Strong ties are great for execution. The shorthand basis for communication, the background of experience and previously shared information and opinions pave the way for fast, easy knowledge transfer. But this is knowledge that is more sustaining in nature.
To take better advantage of peoples’ diverse knowledge and experiences, collaboration is going to evolve as crowdsourcing becomes increasingly pervasive.
New Collaboration Dynamics Emerge
As seen in the Google Trends chart below, crowdsourcing is a concept that is rapidly gaining traction:
Three elements of crowdsourcing will affect and broaden the nature of collaboration going forward.
Engagement on Social Objects
Traditional collaboration revolves more around people. The ties to which you generally turn for advice. With crowdsourcing, the social object becomes the basis of engagement. Not the person.
Social objects are the basis for connecting people with like interests. On Flickr, it’s photos. In the enterprise, ideas are killer social objects. Ideas are particularly good for this purpose. Why? They often address pain points that others might feel, they affect multiple departments and there is nearly always more than one way to solve a problem.
In short, they offer powerful characteristics for complete strangers to engage one another. This willingness to forgo niceties and social courtesies is vital. Don’t worry whether you know that person who posted an idea or offered that feedback. Just get in there and contribute. Why? Because an idea turns into a project which affects your work. Why wouldn’t you engage around that?
Of course, this is the point. Get folks out of their “relational inertia” to create a more vibrant collaborative network. The culture of collaboration changes, where the expectation is that you will weigh in on complete strangers’ ideas. This willingness to do so addresses a significant cost identified by the researchers Fliaster and Spiess:
If we take into account that time efficiency is one of the most critical factors in innovation-based competition, then we see that the high costs of switching to another source of knowledge may have an detrimental effect on innovation activities and thus on the performance of individual innovators and organizations.
In other words, in a traditional collaboration culture, it is hard to get that information from someone who is not already a strong tie. The nice thing here is that people don’t have to commit to building out strong ties before they share information. The engagement and provision of information can be ephemeral.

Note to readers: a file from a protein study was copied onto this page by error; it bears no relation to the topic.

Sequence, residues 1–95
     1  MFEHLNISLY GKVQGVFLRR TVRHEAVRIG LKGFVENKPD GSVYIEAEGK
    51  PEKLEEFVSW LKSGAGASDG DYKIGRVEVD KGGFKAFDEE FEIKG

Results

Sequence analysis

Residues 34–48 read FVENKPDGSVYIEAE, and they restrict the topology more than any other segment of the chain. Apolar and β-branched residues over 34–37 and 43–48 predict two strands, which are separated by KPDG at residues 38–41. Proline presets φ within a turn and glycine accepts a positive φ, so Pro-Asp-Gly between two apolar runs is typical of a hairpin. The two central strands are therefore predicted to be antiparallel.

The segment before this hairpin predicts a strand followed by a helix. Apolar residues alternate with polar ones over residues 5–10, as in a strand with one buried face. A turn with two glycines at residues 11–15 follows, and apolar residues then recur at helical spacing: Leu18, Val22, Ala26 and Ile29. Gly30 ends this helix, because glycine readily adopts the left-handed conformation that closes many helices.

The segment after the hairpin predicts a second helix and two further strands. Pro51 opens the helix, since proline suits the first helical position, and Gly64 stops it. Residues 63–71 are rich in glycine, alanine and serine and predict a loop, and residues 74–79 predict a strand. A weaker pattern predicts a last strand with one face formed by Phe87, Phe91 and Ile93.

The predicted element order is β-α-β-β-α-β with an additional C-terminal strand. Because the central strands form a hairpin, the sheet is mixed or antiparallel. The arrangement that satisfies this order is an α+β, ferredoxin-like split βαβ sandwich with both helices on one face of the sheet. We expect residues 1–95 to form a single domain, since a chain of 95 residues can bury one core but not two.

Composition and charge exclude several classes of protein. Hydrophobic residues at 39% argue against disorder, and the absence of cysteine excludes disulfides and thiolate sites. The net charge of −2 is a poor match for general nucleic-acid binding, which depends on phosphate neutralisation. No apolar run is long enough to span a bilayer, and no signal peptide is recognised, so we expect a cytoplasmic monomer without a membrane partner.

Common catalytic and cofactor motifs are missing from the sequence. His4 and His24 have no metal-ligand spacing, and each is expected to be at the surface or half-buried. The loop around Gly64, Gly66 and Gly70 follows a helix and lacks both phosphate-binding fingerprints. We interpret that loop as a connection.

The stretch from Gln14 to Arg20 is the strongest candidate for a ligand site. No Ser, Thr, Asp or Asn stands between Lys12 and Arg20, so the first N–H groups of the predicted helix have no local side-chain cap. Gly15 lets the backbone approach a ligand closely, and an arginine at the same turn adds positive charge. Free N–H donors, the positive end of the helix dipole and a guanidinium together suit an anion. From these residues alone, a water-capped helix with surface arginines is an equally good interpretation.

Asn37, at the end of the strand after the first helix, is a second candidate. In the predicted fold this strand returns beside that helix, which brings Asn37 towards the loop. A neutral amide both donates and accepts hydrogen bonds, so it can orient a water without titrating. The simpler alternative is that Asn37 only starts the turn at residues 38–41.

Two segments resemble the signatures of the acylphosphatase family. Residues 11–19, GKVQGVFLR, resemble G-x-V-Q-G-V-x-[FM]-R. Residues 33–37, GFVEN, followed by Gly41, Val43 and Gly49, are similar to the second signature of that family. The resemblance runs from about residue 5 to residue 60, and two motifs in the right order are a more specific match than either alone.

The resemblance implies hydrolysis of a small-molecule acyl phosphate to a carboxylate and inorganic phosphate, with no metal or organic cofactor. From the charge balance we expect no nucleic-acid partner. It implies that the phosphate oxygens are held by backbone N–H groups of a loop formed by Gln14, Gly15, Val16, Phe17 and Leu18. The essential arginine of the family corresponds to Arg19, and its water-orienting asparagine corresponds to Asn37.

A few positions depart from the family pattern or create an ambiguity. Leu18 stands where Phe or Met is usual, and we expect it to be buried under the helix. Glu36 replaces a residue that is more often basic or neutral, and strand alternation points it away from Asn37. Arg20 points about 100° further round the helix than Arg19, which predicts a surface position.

Signals of Trust
Of course, discussions with strangers do create some trust issues for participants. How do you know the information provided can be trusted? Is there an agenda behind that contribution? The sorts of things that have been resolved through the effort of building your strong ties.
Remember my example at the start of this post, about the financial institution that wanted a LinkedIn style set of connections between users? One benefit of that is that the chain of referrals is one type of signal of trust. Not a great one, but a signal nonetheless.
Reputation Scores will become a more important signal in this crowdsourcing world. In the absence of strong ties as the basis for trust, reputation becomes more important in helping people understand your expertise and ability to help. Noted futurist Ross Dawson wrote this about the emergence of visible reputations:
What is changing is the extraordinary visibility of people’s actions and character and how others perceive them. One of the most valuable functions of the emerging ‘global brain’ that connects our insights is to make reputation more visible. For over a decade people have talked about how the internet is lowering transaction costs. Still today, the biggest single cost of business transactions is assessing the reputation of your potential business partner.
His point applies not just to professionals doing business between companies, but also to large collaborative networks built on crowdsourcing. Reputation -- and other signals of trust -- will become ever more important in the future of collaboration.
Communities of Purpose
The Yahoo Research study about Twitter, referenced earlier, is instructive. The lesson to draw is this:
If you create a general purpose community, people will naturally gravitate toward “people like me”. The issue of homophily will fundamentally affect the ability to access non-redundant information.
If there is no organizing purpose, the default purpose will be to cement those strong ties. Communities engaging via microblogging applications, for instance, reflect that.
Ever heard of “communities of practice”? Well, I think CoP should stand for "communities of purpose". Bring both deep expertise and bits of diverse knowledge together toward a tangible outcome
The tangible outcomes, the results orientation, is a powerful influence on getting collaboration beyond the strong ties on which we all rely. The fact that there will be action at the end of community collaborations is a great inducement to engage complete strangers. It also puts the focus more around the social objects of that community. Both of these elements are part of the new crowdsourcing landscape.
In sum, collaboration has always been something that happened primarily with your strong ties. New social tools have broadened the realm of collaboration, but people continue to exhibit self-imposed network constraints that hurt organizational innovation. The increasing use of crowdsourcing is going to change that dynamic to the benefit of both individuals and organizations.